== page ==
StarCraft II LAN Still a Possibility

It's possible StarCraft II will have a workaround to allow play on a Local Area Network following the uproar over previous indications that Blizzard's RTS sequel will not include LAN support. Kotaku brought this up with Rob Pardo, and he seemed amused at the idea that people will still consider this an issue when the game is released, indicating that in cases where no 'net connection is available, there may still be ways to play: "There's a few legitimate cases that we're going to try and address over time. Location-based tournaments, or let's say I'm in a dorm with a firewall or something like that, hopefully there's a way to determine that and maybe start a peer-to-peer game." Likewise, Shacknews raised the possibility in a conversation with Battle.net developer Greg Canessa work on a solution to support low latency/high bandwidth situations where they asked if such a solution could provide "pseudo-LAN" support with Battle.Net authentication for local games: "Something like that," he told them. "Maintaining a connection with Battle.net, I don't know if it's once or periodically, but then also having a peer-to-peer connection between players to facilitate a very low-ping, high-bandwidth connection.. those are the things that we're working on." They also confirm with Jay Wilson that Diablo III will deal with LANs the same way StarCraft II does, so it should support any such programming created for StarCraft II.
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Re: StarCraft II LAN Still a Possibility
Aug 25, 2009, 19:05
53.
Re: StarCraft II LAN Still a Possibility Aug 25, 2009, 19:05
Aug 25, 2009, 19:05
 
For one, the game acknowledged the little things you did. Hanging out in the women's bathroom, leaving Gunther in his cell at liberty island, killing the first terrorist guy, etc.

Yes, it was cool when you could use the vending machines in Duke3d also, but that doesn't make a game great.

As for the superficial choices, yeah, they're pretty superficial... but you don't realize that until after you've beaten the game. When I had to make the choice between killing the french guy or killing that russian chick (too tired to recall her name), that felt meaningful. It also felt meaningful when I had to stay and fight with Paul or abandon him. Neither of these choices drastically changed the game but they sure felt important when I had to make them.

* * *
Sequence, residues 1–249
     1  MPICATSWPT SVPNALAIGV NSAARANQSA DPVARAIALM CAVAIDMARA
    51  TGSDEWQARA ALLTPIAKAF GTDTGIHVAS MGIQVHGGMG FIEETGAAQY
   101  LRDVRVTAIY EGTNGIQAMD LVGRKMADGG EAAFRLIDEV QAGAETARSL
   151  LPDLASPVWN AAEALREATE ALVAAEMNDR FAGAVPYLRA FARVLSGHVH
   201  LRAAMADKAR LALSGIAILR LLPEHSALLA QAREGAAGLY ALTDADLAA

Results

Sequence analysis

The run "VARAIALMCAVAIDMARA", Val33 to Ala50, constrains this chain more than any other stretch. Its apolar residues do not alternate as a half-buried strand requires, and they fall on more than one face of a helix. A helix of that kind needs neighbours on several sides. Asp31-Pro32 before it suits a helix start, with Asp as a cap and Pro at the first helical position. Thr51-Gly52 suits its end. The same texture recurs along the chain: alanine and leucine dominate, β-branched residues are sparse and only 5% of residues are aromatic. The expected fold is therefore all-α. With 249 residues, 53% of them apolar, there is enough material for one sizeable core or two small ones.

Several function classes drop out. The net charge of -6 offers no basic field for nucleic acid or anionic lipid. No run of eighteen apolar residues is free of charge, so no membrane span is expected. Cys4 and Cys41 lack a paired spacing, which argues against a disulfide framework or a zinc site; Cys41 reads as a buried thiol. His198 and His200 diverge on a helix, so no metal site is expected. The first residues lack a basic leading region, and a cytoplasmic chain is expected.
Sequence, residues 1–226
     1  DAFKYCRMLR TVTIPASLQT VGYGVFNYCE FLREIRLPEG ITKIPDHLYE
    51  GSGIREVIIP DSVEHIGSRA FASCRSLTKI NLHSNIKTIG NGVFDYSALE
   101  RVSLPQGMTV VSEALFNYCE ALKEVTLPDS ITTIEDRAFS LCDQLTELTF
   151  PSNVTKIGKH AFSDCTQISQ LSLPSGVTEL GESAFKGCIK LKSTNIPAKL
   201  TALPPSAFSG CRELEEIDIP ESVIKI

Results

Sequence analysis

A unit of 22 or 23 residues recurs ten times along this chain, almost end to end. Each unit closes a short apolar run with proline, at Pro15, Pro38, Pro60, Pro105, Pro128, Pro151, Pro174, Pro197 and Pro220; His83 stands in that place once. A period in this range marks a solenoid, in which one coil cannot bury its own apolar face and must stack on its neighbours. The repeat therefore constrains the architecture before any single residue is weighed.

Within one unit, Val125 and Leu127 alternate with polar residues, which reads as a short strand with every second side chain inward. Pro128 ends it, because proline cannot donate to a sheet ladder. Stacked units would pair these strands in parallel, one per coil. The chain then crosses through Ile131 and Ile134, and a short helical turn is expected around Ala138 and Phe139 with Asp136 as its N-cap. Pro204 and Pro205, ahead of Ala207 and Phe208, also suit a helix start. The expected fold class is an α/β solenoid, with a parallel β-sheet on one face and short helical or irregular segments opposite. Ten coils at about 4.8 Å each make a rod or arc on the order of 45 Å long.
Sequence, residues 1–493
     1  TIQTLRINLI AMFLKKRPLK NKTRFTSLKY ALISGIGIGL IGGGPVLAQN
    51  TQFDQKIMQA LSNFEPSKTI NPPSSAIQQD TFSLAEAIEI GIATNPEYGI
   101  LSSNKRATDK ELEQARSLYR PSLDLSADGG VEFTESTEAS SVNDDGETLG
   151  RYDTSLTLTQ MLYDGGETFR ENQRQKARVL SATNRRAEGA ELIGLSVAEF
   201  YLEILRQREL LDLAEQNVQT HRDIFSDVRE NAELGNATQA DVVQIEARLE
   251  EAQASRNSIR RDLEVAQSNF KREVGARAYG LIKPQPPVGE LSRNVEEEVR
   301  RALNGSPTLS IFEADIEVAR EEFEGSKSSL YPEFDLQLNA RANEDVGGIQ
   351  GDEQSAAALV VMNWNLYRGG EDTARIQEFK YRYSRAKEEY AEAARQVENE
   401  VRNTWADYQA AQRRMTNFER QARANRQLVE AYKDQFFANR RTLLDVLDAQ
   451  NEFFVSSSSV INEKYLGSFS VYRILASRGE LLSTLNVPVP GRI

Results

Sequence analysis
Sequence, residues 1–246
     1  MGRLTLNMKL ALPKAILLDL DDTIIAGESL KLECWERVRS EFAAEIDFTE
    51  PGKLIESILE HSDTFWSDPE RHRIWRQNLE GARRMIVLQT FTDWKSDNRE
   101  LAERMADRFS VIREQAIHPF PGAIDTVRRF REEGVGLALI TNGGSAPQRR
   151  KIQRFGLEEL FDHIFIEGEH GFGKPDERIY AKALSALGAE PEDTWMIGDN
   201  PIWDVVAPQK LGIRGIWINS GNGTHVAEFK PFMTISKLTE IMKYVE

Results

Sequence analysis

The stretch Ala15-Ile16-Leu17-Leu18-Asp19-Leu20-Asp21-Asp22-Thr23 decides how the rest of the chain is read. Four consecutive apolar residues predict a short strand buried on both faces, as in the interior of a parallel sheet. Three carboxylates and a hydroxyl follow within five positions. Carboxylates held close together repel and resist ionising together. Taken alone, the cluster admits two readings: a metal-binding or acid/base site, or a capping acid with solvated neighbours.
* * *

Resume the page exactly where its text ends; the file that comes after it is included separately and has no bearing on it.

And that bothered me. Finding out those choices were a gimmick made the game feel hollow to me. Anti-climactic and disappointing.

Deus Ex also allowed for a lot of emergent gameplay.

To take a lot of damage and quickly skip past a lot of enemies isn't exactly unique. You can do it in any game that offers a roof or ledge where enemies can't follow you. It's like the gameplay equivalent of running past a bunch of enemies, something any speedrun will take advantage of. This isn't really a good example since you can just call rocket jumping in quake 1 "emergent gameplay"

But I understand what you're saying. Deus Ex offered you gameplay choices, at a time when that wasn't very common in gaming. But for me, the mere presence of choices means little, if you're choosing between mediocre gunplay, mediocre stealthplay, mediocre hacking minigames, etc. What that amounts to for me is a mediocre experience, albeit one of my choosing. I'd venture further to say that, since you know that you can either blast your way through a mission or stealth your way through, the availablity of choice detracts from the game experience. Where is the tension and suspense of a proper stealth game when you know that if you fuck up, you can switch some augs and just fight your way through? A game like Beyond good and Evil does a much better job of making stealth co-exist with action.

In the end, the gunfights weren't as thrilling as Half Life, the sneaking wasn't as well done as thief, the world wasn't as immersive or intense as the Shock games, the choices/RPG elements weren't as meaningful as Fallout, and story, well the story sucked. Is Deus Ex better than Crysis? Sure, why not, but neither of them are anything special.

Ken Levine, now there's a man who knows how to make a fantastic game.

This comment was edited on Aug 25, 2009, 19:33.
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